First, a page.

Wave by Sonali Deraniyagala
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“A granular, tactile working through of grief, regret and survivor’s guilt . . . A form of greatness reverberates from Deraniyagala’s simple and supple prose . . . Her book is therapeutic because it isn’t therapeutic at all.” —Dwight Garner, New York Times
“Radiant . . . The extremity of Deraniyagala’s story seizes the attention, but it’s the beauty of how she expresses it that makes it indelible . . . [She is] a writer of such extraordinary gifts . . . Wave is a small, slender book, but it is enormous on the inside.” —Laura Miller, Salon
On the morning of December 26, 2004, on the southern coast of Sri Lanka, Sonali Deraniyagala lost her parents, her husband, and her two young sons in the tsunami she miraculously survived. In this brave and searingly frank memoir, she describes those first horrifying moments and her long journey since. She has written an engrossing, unsentimental, beautifully poised account: as she struggles through the first months following the tragedy, furiously clenched against a reality that she cannot face and cannot deny; and then, over the ensuing years, as she emerges reluctantly, slowly allowing her memory to take her back through the rich and joyous life she’s mourning, from her family’s home in London, to the birth of her children, to the year she met her English husband at Cambridge, to her childhood in Colombo; all the while learning the difficult balance between the almost unbearable reminders of her loss and the need to keep her family, somehow, still alive within her.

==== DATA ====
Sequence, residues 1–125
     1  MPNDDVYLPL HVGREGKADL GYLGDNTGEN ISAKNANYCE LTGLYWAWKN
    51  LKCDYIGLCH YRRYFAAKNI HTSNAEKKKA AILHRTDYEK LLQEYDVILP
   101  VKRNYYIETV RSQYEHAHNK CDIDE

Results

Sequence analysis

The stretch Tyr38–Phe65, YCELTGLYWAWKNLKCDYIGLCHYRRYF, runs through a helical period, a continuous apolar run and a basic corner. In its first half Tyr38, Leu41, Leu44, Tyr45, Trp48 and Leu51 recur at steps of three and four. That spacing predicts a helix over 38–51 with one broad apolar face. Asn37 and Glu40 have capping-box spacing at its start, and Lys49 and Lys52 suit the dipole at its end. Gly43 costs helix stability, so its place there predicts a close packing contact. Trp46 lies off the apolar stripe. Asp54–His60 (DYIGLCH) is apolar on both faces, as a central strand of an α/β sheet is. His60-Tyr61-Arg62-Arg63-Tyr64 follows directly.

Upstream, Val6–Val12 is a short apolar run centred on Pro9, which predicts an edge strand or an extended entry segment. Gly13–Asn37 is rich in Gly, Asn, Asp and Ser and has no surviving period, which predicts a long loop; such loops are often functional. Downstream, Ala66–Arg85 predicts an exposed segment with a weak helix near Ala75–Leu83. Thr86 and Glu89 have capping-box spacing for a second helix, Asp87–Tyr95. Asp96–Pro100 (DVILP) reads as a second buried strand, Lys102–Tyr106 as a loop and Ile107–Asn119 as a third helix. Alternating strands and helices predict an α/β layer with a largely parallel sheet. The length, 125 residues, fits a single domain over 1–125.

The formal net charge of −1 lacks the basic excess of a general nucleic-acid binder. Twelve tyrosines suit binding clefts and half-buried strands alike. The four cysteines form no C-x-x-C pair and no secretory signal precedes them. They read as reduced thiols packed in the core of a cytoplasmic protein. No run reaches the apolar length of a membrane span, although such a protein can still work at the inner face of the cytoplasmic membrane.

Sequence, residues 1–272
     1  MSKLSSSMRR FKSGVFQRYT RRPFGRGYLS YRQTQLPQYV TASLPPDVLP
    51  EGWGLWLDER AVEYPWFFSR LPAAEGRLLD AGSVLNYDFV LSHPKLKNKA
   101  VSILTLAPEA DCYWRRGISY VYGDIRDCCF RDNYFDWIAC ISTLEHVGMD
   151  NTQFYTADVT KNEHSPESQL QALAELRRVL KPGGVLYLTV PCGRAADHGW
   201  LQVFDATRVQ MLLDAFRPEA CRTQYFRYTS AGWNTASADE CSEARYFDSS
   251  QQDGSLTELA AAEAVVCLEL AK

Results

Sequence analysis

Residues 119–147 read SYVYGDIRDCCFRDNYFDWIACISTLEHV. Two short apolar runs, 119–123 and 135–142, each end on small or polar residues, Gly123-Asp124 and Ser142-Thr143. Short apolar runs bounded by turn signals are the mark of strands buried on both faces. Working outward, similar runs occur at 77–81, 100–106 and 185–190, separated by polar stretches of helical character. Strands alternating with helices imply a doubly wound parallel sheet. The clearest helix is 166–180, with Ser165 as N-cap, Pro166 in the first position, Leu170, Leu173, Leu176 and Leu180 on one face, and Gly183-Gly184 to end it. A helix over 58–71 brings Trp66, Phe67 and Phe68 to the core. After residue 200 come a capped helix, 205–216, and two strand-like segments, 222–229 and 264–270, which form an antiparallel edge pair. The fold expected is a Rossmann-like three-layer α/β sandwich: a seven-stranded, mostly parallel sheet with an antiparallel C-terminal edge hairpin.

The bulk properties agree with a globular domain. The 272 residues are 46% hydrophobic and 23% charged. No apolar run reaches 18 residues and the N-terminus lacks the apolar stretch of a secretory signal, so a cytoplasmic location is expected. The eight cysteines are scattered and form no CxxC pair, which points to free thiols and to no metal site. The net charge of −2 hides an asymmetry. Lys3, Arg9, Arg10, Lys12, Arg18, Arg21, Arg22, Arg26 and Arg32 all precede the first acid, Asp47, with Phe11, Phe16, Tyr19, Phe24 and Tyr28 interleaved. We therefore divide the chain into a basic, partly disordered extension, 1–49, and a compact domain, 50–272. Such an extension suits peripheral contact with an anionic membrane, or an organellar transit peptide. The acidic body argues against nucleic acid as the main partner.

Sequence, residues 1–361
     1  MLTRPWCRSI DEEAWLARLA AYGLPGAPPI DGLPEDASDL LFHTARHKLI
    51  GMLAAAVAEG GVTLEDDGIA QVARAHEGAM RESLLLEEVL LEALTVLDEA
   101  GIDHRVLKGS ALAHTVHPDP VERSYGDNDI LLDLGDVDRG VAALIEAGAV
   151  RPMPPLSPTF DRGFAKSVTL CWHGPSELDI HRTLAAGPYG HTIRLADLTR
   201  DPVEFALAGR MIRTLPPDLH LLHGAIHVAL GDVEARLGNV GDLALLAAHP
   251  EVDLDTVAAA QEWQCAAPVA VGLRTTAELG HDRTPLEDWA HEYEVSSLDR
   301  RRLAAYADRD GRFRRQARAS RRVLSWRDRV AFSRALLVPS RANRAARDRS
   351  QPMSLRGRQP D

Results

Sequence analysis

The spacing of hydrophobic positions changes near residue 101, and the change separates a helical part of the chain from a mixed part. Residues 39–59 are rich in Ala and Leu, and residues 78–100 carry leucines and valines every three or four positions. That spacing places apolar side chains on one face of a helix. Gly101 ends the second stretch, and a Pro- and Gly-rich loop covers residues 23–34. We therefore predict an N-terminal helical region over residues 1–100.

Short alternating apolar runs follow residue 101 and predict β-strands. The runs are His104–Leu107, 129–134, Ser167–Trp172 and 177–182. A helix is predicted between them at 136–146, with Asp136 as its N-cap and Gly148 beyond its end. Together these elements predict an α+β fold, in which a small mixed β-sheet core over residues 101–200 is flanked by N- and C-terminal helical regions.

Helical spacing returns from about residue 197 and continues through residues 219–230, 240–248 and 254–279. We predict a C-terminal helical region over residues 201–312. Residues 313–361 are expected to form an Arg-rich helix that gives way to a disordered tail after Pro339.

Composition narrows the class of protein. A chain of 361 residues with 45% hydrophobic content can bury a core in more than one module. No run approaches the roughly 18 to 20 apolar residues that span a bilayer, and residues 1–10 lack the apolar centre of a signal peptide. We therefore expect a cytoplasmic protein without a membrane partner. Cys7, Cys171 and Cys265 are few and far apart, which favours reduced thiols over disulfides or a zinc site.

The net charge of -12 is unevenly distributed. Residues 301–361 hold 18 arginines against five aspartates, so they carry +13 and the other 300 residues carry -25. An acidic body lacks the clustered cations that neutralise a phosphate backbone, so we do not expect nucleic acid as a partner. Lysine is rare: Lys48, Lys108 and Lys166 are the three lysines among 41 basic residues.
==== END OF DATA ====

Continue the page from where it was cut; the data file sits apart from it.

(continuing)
Praise for Wave
“An indelible and unique story of loss and resolution written with breathtaking refinement and courage . . . In rinsed-clear language, Deraniyagala describes her ordeal, surreal rescue, and deep shock, attaining a Didionesque clarity and power. We hold tight to every exquisite sentence as, with astounding candor and precision, she tracks subsequent waves of grief . . . But here, too, are sustaining tides of memories that enable her to vividly, even joyfully, portray her loved ones.”—Donna Seaman, Booklist
“A devastating but ultimately redemptive memoir . . . The craft and control reflect an exceptional literary command . . . Excellent. Reading Deraniyagala’s account proves almost as cathartic as writing it must have been.”— Kirkus Reviews(starred)
“This memoir of loss is both heartbreaking and astonishingly beautiful.”—Billy Heller, New York Post
Sonali Deraniyagala teaches in the Department of Economics at the School of Oriental and African Studies (SOAS), University of London. She is currently a visiting research scholar at the School of International and Public Affairs (SIPA), Columbia University, New York, working on aspects of post-disaster economic recovery. The author lives in New York.